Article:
Three weeks before the February 2011 earthquake, my husband and I had landed in Christchurch after 18 years living in a variety of locations up and down the eastern seaboard of the US. We’d heard and read about the September earthquake, knew that Christchurch was still shaking, but since I’d grown up in Napier earthquakes didn’t really scare me and besides, we’d chosen Christchurch over Wellington because of Burnside High School – our school of choice for our two daughters (our youngest of four children) who were aged 13 and 16.
We’d quickly enrolled them at Burnside, found the most ideal townhouse on Memorial Avenue right across the road from the high school and moved in the week before. Both Peter and I had found jobs. The day of the earthquake was Peter’s first day at his work and I was expecting a phone call so that I could begin training at my new job. Our landlord had informed us that EQC were coming on February 23rd (our daughter’s 16th birthday).
February 22nd, 12:51pm I was standing in the Fendalton Post Office when I was almost thrown off my feet. I clung to the feeble, cardboard stand that was jumping up and down losing all the postcards off it and the gentleman who’d been waiting in line behind me was suddenly down on one knee and clinging to me as if he was proposing! To this day I’m not quite sure if he was trying to keep himself upright (he’d clearly experienced the September quake because he knew enough to at least drop onto one knee for stability; Napier had never prepared me quite that well) or he was trying to keep me upright. I vaguely thought at the time that this might be the male version of multi-tasking in an emergency and attempting to keep us both upright. I thought it gallant, anyway. I would thank him if I knew who he was. The sound of everything rattling was quite remarkable. That building really moved! The lights went out, some people were screaming, and the experienced among us knew to head for the door while. I can’t honestly say if I would have immediately joined them because I couldn’t really go anywhere anyway since I was being held up. Again, my thanks to The Gentleman.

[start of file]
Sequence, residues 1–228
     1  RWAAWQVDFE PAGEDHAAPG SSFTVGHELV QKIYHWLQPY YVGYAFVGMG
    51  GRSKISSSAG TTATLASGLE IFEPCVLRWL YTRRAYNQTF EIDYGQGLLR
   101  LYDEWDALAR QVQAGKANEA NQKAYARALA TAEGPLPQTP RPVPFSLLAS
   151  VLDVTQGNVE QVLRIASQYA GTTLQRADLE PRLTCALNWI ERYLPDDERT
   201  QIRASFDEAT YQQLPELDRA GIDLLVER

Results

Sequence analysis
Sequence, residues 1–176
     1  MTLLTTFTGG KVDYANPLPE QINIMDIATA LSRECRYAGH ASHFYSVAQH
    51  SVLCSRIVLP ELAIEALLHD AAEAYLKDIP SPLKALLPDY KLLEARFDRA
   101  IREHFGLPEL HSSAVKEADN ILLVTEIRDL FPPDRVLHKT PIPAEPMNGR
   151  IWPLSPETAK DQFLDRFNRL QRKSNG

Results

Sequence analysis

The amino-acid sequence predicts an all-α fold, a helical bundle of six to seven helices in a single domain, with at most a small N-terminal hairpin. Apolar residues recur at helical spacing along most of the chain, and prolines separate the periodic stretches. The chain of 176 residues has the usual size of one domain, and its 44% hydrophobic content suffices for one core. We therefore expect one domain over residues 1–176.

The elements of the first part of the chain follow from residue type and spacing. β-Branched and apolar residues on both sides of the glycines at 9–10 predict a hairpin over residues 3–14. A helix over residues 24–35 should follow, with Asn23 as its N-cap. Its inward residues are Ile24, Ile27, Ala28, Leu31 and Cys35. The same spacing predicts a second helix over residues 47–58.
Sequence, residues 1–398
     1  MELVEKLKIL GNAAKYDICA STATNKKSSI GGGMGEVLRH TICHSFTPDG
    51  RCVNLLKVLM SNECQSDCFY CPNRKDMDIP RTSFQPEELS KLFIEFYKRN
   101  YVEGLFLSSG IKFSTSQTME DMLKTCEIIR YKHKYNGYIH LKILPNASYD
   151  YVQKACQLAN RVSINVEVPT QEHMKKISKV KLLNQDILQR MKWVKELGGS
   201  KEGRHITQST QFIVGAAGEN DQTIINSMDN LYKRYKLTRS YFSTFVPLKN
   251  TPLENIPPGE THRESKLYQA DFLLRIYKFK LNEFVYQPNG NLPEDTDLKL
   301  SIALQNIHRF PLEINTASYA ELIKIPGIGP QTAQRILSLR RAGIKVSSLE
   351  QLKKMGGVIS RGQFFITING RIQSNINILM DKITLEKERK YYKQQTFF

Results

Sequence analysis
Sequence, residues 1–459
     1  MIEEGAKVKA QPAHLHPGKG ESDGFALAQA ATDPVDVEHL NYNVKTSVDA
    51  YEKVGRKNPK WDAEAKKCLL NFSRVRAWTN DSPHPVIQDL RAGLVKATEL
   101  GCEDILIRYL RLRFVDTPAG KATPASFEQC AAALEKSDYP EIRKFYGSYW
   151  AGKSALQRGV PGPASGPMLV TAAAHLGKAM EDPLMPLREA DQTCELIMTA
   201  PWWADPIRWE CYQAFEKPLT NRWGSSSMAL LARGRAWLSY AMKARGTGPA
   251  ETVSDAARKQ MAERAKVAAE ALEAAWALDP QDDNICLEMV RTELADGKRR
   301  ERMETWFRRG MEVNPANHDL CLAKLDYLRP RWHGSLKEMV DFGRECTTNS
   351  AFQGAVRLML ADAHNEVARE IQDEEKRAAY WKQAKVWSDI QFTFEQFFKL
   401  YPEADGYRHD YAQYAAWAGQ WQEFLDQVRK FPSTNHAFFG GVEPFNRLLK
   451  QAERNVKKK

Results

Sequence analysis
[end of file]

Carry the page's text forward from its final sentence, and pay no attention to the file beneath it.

Outside, people were ashen. Someone said, “Not again…” Another, “I wonder how the city is….” And another, in utter disgust, grumbled, “Well, that’s it for the day, then.” Fendalton Shopping Centre was still standing I observed, but I guessed things really did need to close down at least until the power came back on. I also noted that everyone was rushing to their cars and leaving just as quickly as possible. I didn’t have the September quake experience to go on so this behaviour seemed a little bit dramatic to me but everything was shutting down so I really have a choice but to start walking back home along Memorial towards Burnside.
The second earthquake struck before I’d walked halfway to the lights at Ilam Rd. The Gentleman had been a wonderful teacher and I knew this time to get down. It was suddenly an instinct. By this time the traffic on Memorial Avenue was bottlenecked and chaotic and I don’t know how there wasn’t a disastrous accident: I certainly observed some very close calls. By the state of people’s driving people were clearly in a panic.
I decided to head straight for Burnside and find my girls. I was impressed with the organisation and calm on the school field however as I asked around for my children I was informed that my oldest was very upset. It took a while to locate her and I knew intinctively why this event would have upset her so much, especially since I’d found my youngest daughter and she was totally calm and enjoying hanging out with her new friends. You see, we were in American for 9/11. If you drew a triangle from the twin towers to the Pentagon over to where the plane went fown in Pennsylvania and back to NY city we lived right in the middle of that triangle when the planes hit. My oldest daughter was just six at the time and in her first year in school. She remembers panicked teachers and horrific scenes, but moreso the sense of great disaster having happened and I knew the memory of 9/11 would have triggered a trauma response. To her credit, I found her holding up very well: upset and shaking, but functioning. I was proud.
And I’m still proud. Proud to be Kiwi and see and experience the incredible rallying and support and understanding. It’s been a big thing these earthquakes. But human hearts are pretty darn big too.